Should vendors in Puerto Rico receive a W-9 form?


There isn't a simple yes or no answer to your question. Your reporting requirements vary depending on the entity you are paying as well as the service being performed.

For instance, if you are doing business with a Puerto Rican national (individual, not a business), then you need to obtain a W-9 because Puerto Rican nationals are considered U.S. citizens.

However, entities formed under Puerto Rican law are considered foreign persons and are subject to the rules of foreign reporting. Meaning you may be required to ask for a W-8 instead of a W-9.

If the vendor you are setting up is a Puerto Rican entity (a business, not an individual), then you only have to report payments made if the work you are paying for was performed in the United States. In this scenario, you would need a form W-8 from the vendor and would report payments on a form 1042S. A W-9 would not be required.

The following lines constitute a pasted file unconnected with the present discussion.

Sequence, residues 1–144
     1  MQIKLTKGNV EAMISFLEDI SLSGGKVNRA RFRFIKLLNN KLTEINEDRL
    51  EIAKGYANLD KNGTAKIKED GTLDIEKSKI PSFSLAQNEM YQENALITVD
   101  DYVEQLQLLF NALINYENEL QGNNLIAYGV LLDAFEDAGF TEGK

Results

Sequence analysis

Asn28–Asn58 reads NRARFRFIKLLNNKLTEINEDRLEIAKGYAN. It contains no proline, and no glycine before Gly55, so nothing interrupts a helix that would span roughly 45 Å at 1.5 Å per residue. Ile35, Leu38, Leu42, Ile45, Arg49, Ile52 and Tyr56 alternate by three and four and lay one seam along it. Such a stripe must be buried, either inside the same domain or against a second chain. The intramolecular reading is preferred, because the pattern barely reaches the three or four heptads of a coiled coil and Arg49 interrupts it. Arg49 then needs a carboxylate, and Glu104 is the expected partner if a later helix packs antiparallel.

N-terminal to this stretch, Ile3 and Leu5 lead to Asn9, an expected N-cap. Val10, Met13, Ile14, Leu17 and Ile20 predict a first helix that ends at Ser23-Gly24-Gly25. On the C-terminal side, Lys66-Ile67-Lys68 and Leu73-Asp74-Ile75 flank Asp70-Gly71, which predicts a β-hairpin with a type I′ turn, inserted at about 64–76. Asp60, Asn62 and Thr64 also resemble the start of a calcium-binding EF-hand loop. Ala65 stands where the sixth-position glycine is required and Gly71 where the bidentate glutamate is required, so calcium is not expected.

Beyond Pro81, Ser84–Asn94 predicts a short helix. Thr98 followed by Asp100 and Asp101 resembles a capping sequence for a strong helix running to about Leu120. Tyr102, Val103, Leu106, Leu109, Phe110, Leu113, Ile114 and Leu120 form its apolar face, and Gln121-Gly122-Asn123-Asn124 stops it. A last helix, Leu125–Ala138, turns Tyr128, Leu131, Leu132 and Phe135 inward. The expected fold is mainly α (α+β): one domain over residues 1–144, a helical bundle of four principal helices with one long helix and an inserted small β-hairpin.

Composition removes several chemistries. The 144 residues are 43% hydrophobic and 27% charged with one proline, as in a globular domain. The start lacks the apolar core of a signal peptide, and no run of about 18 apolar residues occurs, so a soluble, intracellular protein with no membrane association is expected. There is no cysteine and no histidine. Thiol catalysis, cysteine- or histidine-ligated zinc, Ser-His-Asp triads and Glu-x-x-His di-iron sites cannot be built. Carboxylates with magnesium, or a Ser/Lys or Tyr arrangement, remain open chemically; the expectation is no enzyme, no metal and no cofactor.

But, if the Puerto Rican entity is incorporated in Puerto Rico and doing the work in their country - this includes selling tangible personal property to U.S. entities - then you have no reporting obligations. No W-8. No 1042S. No W-9.

We recommend you call the IRS international reporting line at 215-516-2000 and provide the exact details of your relationship with the Puerto Rican vendor. Be sure to record the information agent's name and ID number, as the IRS honors the judgments made by their officers.

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